The Courier News from Blytheville, Arkansas on September 4, 1939 · Page 1
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The Courier News from Blytheville, Arkansas · Page 1

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Blytheville, Arkansas
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Monday, September 4, 1939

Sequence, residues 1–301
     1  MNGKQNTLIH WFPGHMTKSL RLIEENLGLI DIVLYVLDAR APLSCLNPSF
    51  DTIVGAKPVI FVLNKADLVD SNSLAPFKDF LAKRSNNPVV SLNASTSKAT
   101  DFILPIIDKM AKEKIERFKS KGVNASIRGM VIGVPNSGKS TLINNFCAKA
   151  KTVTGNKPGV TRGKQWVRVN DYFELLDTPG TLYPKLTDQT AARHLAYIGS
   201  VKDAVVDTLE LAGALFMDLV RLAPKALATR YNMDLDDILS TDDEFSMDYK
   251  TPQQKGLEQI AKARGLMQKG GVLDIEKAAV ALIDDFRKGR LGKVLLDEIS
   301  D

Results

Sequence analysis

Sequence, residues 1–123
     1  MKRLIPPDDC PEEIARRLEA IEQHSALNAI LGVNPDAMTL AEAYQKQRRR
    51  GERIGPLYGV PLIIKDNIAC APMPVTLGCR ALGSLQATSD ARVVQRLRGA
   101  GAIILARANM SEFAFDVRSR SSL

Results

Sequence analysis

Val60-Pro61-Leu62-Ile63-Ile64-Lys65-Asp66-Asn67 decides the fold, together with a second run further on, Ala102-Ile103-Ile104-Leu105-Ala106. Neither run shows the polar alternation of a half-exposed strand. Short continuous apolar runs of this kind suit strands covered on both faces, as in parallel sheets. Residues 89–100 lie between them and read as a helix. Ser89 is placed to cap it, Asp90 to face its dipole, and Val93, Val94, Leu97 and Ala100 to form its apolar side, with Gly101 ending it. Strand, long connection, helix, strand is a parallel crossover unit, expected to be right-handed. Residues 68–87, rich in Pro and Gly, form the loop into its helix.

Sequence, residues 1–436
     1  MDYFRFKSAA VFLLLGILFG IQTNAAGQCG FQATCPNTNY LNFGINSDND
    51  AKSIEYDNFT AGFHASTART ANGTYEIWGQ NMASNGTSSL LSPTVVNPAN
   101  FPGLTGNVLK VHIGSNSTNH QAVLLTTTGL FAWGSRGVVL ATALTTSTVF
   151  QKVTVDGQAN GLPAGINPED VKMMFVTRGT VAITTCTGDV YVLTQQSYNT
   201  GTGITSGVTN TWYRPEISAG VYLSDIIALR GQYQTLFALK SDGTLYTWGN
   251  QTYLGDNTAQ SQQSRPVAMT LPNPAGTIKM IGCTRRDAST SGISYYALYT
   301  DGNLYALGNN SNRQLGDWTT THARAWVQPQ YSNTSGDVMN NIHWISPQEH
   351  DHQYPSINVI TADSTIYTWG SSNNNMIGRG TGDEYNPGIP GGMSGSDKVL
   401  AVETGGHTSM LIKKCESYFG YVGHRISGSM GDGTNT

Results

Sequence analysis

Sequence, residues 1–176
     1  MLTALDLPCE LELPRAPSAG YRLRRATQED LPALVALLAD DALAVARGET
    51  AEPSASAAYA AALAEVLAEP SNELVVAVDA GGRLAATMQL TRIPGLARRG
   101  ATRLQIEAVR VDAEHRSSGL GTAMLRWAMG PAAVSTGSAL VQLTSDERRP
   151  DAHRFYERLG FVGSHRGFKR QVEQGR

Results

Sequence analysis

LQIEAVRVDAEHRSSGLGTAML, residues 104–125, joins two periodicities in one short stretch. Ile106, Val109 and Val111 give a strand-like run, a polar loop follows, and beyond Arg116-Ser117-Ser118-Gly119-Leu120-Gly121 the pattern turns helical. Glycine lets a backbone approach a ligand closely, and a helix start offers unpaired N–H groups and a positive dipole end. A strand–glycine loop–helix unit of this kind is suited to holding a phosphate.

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VOLUME XXXVI—NO. 142. BLYTHEVILLE COURIER NEWS — ' THB DOMINANT NEWSPAPER OP NORtHJ*BT ARV- AWB « .„„ „„,„ ^ ' > *-T W ' *- / Bljlhevillo Courier Blj'lhcvJlle Herald _BLYTVlLLti. ARKASAS, Y, SEPTEMBER -1, 193<S BIG POWERS' URST BLOWS STRUOUfp BritishSteamer, German^Freighier Are Destroyed Pnlde NT-»«;« "D^j-U DROPI Illlllfmnil ti ••• i T» i , "^r^T7~— .—^_^__ •* Poles, Nazis Both Claim Success In Border Skirmishes r, J ubil an"y celebrate* T entry Great Entam and France into the war One report reached Warsaw that the Poles hud rccpp • e , imp -'' bl!lt city of Cxestochovn, a famouJ relfcfou, and an important junction on the southwestern fron" on e sou Government announcements said that" lta M S hatl .- ! ' elilkc11 Orlow itlld corridor sector. Zbaszynn wns slovmed nnd from the cl f v V the Gc ™««» back at one point on iut ° aml indudin ' The government charged that German aircril'l uw^ Ci 1' l^tUT which .IS ami machine gunned. CZECHS AID POLES Roosevelt Talks To Nation By Radio; Neutrality Law Change Anticipated BY M'U; c. WII.SON United p rcss S i air Correspondent P,1 V 1 S !™ GT 9 N ' Sept. 4. «,P>- , the government announced today still i™ ?. raclai ™ l « m »rg«l Czechs and Slovaks, still undei domination ot the swastika, to do everything in their power to b-abotae_ e _the_Germ il n war machine! -^p^Qr ' CLAm .CIVILIANS ACTIVE'.'.. , ' " BERLIN Sept. 4. (UP)— German troops smashed their way deeper into Poland today, an army ortZffie S ™*S^S t %& valaM that polish <*«*™. deal), 6 Lnffv' f Wai ' n ^? sures ,wei-c decreed, including the f a v°«Img nuhtary service, following the ' decluration of France. r agaimt Gci ' ma " J ' b - v Britain and !9 erma »y remained 'on the defensive h " e °» the . western frontier and con- quick, decisive victory centrated everything, on Poland. Four trainloacls of wounded German 'soldiers WPW have arrived at Bratislava from the PolishTont Says Preliminary Report Will Be Made At Farm Bureau Meeting A preliminary report of the nudft- UM. Misslssl PP f Ciunly books for 938, uo-,v being: done by the auditing department of the Arkansas Comptroller's office, will be made ot the meeting of UlB Mississippi County Farm Bureau Thursday nfght at, Osccola, It was nnn:unc«l today by Charles R. Coleman ol Osceola, president of the group Auditing of the books, which is being done according to schedule was endorsed by the group in «' public statement made in the carlv summer. Reports of Ihe Farm Bureau meetings recently held in Memphis will be discussed by B. H. Burns and D. S. Lantrip, county agricultural agents, and R. W. Schroeder, assistant agricultural agent. Friends, as well as members, have been invited to the meeting by Mr Coleman. The affair is to be held No Doubt But That Summer I s Still Here ! m 0 H ,r heat may be made today with the official weather thermometer at 98 degree? nl " C0>Clo aud £lil1 M sprng For the past week, the weather has been unusually hot with <M Sundft Sau 'r<iay Records of Samuel P and 9G Jor Norrh cfficlal weather observer, show lhat the last week of August nnd fir" week of September In 1935 were record breaking days, so far s s the heat was concerned During the siege of Paris bv the Germans In 1870, 65 ballrons departed from that city carrying a total ol 238 passengers and 12 tons of letters. Death Toll For Holiday Below_20Q By United Press The nation, intensely preoccupied with war through its radios and newspapers, celebrated Its three- day Lab:r pay weekend with max- iimim caution which had held the accidental death toll below 20D at noon today. A United Press snn'cy of the 48 states and District of Columbia revealed that 101 had died by violence. Automobile accidents led all other causes with 112 deaths - nd summons of congress o special session were Judged today to be but mailers of hours alter President Roosevelt's appeal for national unity and adjourn ment of parLlsnnslilp. Mr Roosevelt warned !u hb , m - onnl radio address last night lhat our peace is endangered. .Y , ,! mllllllcs '' c was informed hat the British liner Attain was torpedoed and sinking 200 miles oir the coast of Ireland with l 400 -Mssctigers, Including many Americans, aboard, / The president implied that iso- allon from wo ,. !cl events , m )m . possible but renewed his pledge to his B \var C » y e "° n '° " kCC|) ° M ° f His address seemed also to suggest similar protection to 21 stster American republics of (he western hemisphere on the theory thai our safety fs dependent on theirs. As long as It remains wlthtn my power to prevent," he said, here will be no blackout of peace m^ the United States. "Let no man or woman thotHil- tely or false :talk of Xmerfcn a ''" lfcS S British Vessels Sink Geti|an Ship Off South -America MONTEVIDEO, Uruguay, SepTT (UP)-Tho Qernmn roighter Olmthi was HU nk; by Ihe .11 ritis , cr L Aax today in the south Atlantic,! it mw announced hi c J 'Ihe freighter, bound for Hamburg with ceroi h iiml r-,m rcpSt'ed.' 8 T Jvors wcrc qn,,H o °* n ? d by lho boulh American Steamship company After ordering the cre\y -to abandon ship the Aiax shelled the freighter until % stink. J •''• ' ' tered UftEMBN l ' r "- Dentation cen- n report given wide Circulation vcstcnl v l i Bremen had been seized, two Brili.sh nava ws els known to have been ,,, United States coastal waterfd'sa,™ Wednesday mght «nd were believed to have fo llo cd the Bremen, one of the largeat pimenger MAKE FLIGHTS" OVEH GKKSIANY and western Germany being tol'teh"' lh ° ministry of inf 9: rl ™tioM said i In He said our safety was bound up with Ihe safety of the western fiermsphere and the adjacent .seas iherc was no indication whether Mr. Roosevelt Intended to avii! himself of Pan-American conference machinery for hemlspheric.il consultation in event any nation considers its peace to be jeopard- zed. A western hemisphere neutrality pact—excluding -Canada- could develop trom • such , consultation. Mr. Roosevelt last year pledged himself to ntd Gnna'da " her territory were Invaded. His address pledged national neutrality but absolved Individual Americans from being neutral in thought, as well. "Even a neutral," lie said, "has light to take account of facts. Even a neutral cannot- be askert to close his mind or his conscience." shortly came news of the Athenin. Tlie president's speech, short- waved to the world in six lan- ruages, followed a Sunday of anxious official activity. After repeated presidential conferences wl»n department heads, a White House spokesman said the neutrality ^reclamation deadline was G pm tomorrow night. It, may come any .(me between now and then. Delay until Ihe last moment, might or might not facilitate hurry-up shipment of arms and munitions but, especially of idr- BOMBS FALL, IN , ~". 0 l,,,* shootings and suicides lor the remainder. nn^, > ', i States borders. Manufac- accountcd hirers have tremendous French -ind British orders. The question of a, special session probably will not be disposed of until after proclamation of the neutrality act and of our neutrality objectives. Congress refused last session to consider administration amendments to the act to Heads Of Wan-ing C. I. 0. And A. F. Of L. Factions Make Statements WASHINGTON, Sept. 4 (UP) — Rival leaders of American labor appealed today for cooperation in solving the nation's basic Ills especially business "stagnation and unemployment" as they reported their organizations had made tremendous strides during (he past "?ar. A. P. of L. President William Green urged "every element in the nation's economic life to Join together In the coming year nnd try to solve our problems in a spirit of tolerance and reason." C. I. O. President John L. Lewis said that the C. I. O. "seeks only the welfare of the people as a whole" and declared that "labor- Ing people, professional people and farmers have bread common Interests that transcend any difference." c o enable any customer with money nnd a ship for transport to purchase munitions of all kinds here. Such amendment in practise would be assumed to favor nations con- Itollmg the seas— France, Great Britain and their, aily, Poland, in this instance. The president would ask the ra- pcctcd special session to revise the neutrality stntute to remove all mandatory embargoes That a bitterly contested issue in ssue tlic session just closed. The president's plea for an adjournment <,f partisanship-politics — was read here as an appeal to congress to support this keystone of administration foreign policy now that war actually has hit Europe., News of sinking of the Athenin with more than 200 American cltl- zc-ns aboard jarred officialdom last »l9ht. It almost Inevitably will be a factor in final determination of the neutrality contest between congress and the While House Just as the slnkln? of the British liner Lusitania weighed heavily In shaping American public opinion M years ago. The Lusltaula torpedo caused the death of 126 Americans. rcslimc that Italy wn la ' > ° f IT "4* *™MM i™ ships W- would be safe and her neutrality would be-resucct- r irapcci- eel by her axis partner Germany. c , OK MINE reported at ,Zn l ° mgllt ' nthe Dl 't<* anti-aircraft gS lepoued. Ihe planes jvere Hying .toward the British Tales. " WE W[LL SWA1 '" Suit Will Challenge Validity Of Slate's Beer Tax Statute LITTLE nooicTsairt. 4. - Im oiMuliiienl of leer taxes liii|ioscil lho Nybers Act niitll the Supreme Court can title ou Ks vnlldity w'lll lio sought In n s\ilt uUncklnit lie net which .will be filed In Pu- laskl circuit Court this wc ok Ted McDantelH of North Ullle Hock president or Ihb Arkansas Ueei mill Confectionery HoUill Assocln 'Ion, sold yeslcriluy. • • ' Mr. Mcpnnlcls snld Individual ncnibers njul uot llio nssoclntloh ni'c spoiiGorhig the suit, 'llic suit will clmllcngo lho ncl on tlio sround lhat slnte Scnnlor Paul aiitcnsohii, who cnsl Ihe deciding vole, W ns seated on itpnoliUiiiciit by Qovernor nnllcy nnd ^ not by nn cleellcii. 'Hie aiiiircine Court In voiding the emergency clnnso (o uovct'iioi- nnlley's rcnindlng -nro- Brniii held Mr. Qittciisohu was not n kenl member of the 3cnalo Tlio state's wholesale hccr ilcnl- ora, collectors of the new tax, hnvo 5CO.COO on linnil, representing' funds collected since Uiey Insl settled with Hie stnto August 10, Mr, Mo- Dnnlcls said. The lax, < cllcctlve Juno 8. produceil $139,000 . In rov- cimc Ijcfcrc August 10, olalnia oil this sum, pnyuWo should- 'lho act be held Invnlld, ,wl)l fllcd'nt'an oMlcc in t!, e pyramid .building which the ns-soclntlon hits opened ho snld. . Ilie Nyberg Act, which (3 ex- peeled to produce about $1,000,000 nnniiRllr, nnprotirlntcj $300,000 nn- ntmlly for the University ot Arkansas Medical School und finuis for the stnle tuberculosis sanatorium and the slate Henllli nnd Welfare Dcpnflmenls. Freiic " PARIS GERMANY tool Skfort ° in Ber!in a!1(i German tanos th f P f Sh C ™H' the dis Pal«h aai 1 mlles fr0m Berlin. also announced there' were "indica- t - . ere were ndica- of serious disorders in the last few days in sovml Hull And Edison Discuss Probabilities With President Roosevelt WASHINGTON, Sept. 4 (UP)— Secretary of State Conlell Hull ond noting aecrctpry of Navy Charles Edl.TOii conferred today with President Roosevelt on Ihe possibility of providing United States navnl vessels to convoy American liners bringing Americans from Europe's war zone. Hull and Edison remained with Prescient, Roosevelt, nearly hall nn hour. Edison said the conlerence lind touched on many.-other phases of American irollcy Involved In the European conflict-. All Alive Aboard Torpedoed Steamer Reported Rescued Hy Dnllcil I'riiss Mn E»«W's srait wm- spread swiftly today to the high •on3 >1 'nSl!m itl 'qii lil \ 01 ' A ' llClli ' 1 ' Cfm ' yh * al)0 » L L400 per- witi'n, mcllul! ". g 314 Americans, was torpedoed and sunk luioui win-mug j>y n.Gernmii submarine, it was announced ™°. ^,^™$*™™»<*a »" .«*cue of all killed by d , ououncc(i lll ° »"nck as n viotaUon'of pledged war word. l(r !' " . 1 ' a(!io ""W'lawt in Berlin denied that a Bn wibmnrinc torpedoed the ship, 250 miles off the lM I n 1 «n 8t r L p nl ° C lhe , A< M™»& Winston Churchill uie House of Commons that the shin "was certainiv torpedoed without tlie sllglitcst .wnrnlng" ttfls certalnly nr iftlvi S m ' s 8i . nki , n 8.waB.nlao denounced in the House ol Louis us "nn act of piracy" and both houses of nnrlia- " of Mcainvhile Frimcc began military hostilities against Oormaiiy on the Uhineland front and the British home fleet ' minhe H' , ' c n mined the Hi Itic sea and other approaches to her coast ' Ll '" C l8tcp to the German noolInu . n eran o e Ge people telling tliom Hint tlic word of Adolf Hitler was ' lie im , 1 - « e solemn pledges time and again was broad- ca^.:oyor and over to .Germany ' , lcnflcta on Gevmtin eit!c s- The s explained to the German population, the' general a ^ iCj '^ Ur gOVenmeilt ' ^ ils ^ urffhhr. i» , gmien but not with the Germna people," the leaflets' said. "We do nof-be-' icvo you oven liiiow what is happening." Jhcre wore air rnid nlnnns throughout the German Rhmetand apparently due to the P lanes\h-opping leaflets l he London stock exchnngc wns closed indefinitely lho wnr office announced 'that nil regular forces in the Afi|ican colonies had been mobill/ed I lie Rritlsli press began denouncing Hitler 'as Vrnur- lerer n nd a "dangerous criminal." r»- ir i ra i tl "' n r ms , catlsed thou sands of persona to rush their beds n, London fn fear of Nazi bombing attacks vluch, howeyer, did not materinlize. ."lams al! d «?™topments'was the Athenia government's spokesmen sought to )in directly onto a German submarine attack h»< <LM\ ^ thC A - lle " ia was • bound for America, and HIS could not be carrying even supplies for England, was Ued as increasing public indignation which Churchill <aid 'weiV'eSr'' 1 ^ ^ ^ Ulnt ^ ° f the <~ The sinking brought home to the British people for the first time the fact that they really were in a grim and ter- nine struggle. Investigate Bombing Of BiddleY Residence WASHINGTON, Sept. 4 (UP)— The slate department said todny llml It Is Investigating circumstances surrounding the bombing >f Ambassador Anthony Blrtdlc's ionic ncnr Warsaw nnd the slnk- !)g of the Athenln. It wns said at the department hnl In the case cf the bombing of Blddle's summer home by n Qor Liner Queen Mary Reaches New York NEW ' YORK, Sept, •). • (UP)Tho Queen Mary, flagship of Great Britain's merchant mnrlno, raced Into p:rt todny nftcr a nervc- wrneklng crossing of the Atlantic durlnft-which she kept a constant guard for enemy submarines.' Tlic big liner cnrrlnl the largest passenger list of her history—2,33 pensons, some 200 of wlurA slep on cols. It also carried $4-155000 tn gold. nan plane that the matter,, wns elng Investigated and all ssemblcd. Galual NOTEBOOK bj Samuel F. Norrlj Hog Prices Climb On Kansas City Market KANSAS CITY, Sept. 4. (UP)Hog prices on Ihe Kansas City mnr kct increased from 30 to 60 cent, a hundred pounds today and trade cited war eruditions In Europe i Hie cause. The rise restored II facts | $7 top at „..„_ llu tefore the seasonal decline. New 185,000 Overpass Over Frisco Raiiroad^AtTYarbro . Life Begins At Elmwood Dr. W. A. Grlmmett was chuckling yesterday over fhe fact that he delivered a baby at Elmwood cemetery. Ho was mighty surprised when the telephone rang and he was told to come to the cemetery. Now doUors are more or less accustomed to unusual experiences in the course ol their dally practice, but n call to the cemetery . . . that WAS something! However, the call came from Clyde Haynes, caretaker of the cemetery who occupies a hcuse nearby. A short lime after Dr. Grini'metf, arrived Mr. arid Mrs. Haynes became the parents of a fine new baby boy. The little fellow weighed over eight pounds. American Airways Cancells Flights NEW YORK, Sept. 4 (UP) — American Airways today announced It was cancelling nil flights to Prance and Great Britain because of the war. '•'•••' WEATHER Arkansos—Parlly cloudy, scattered thundersliiB-ers in east portion, not quite so warm lit northwest portion tonight; Tuesday partly loudy. Atemphls and vicinity — Local lumdershowers tonight, ocolcr to- fjht and Tuesday.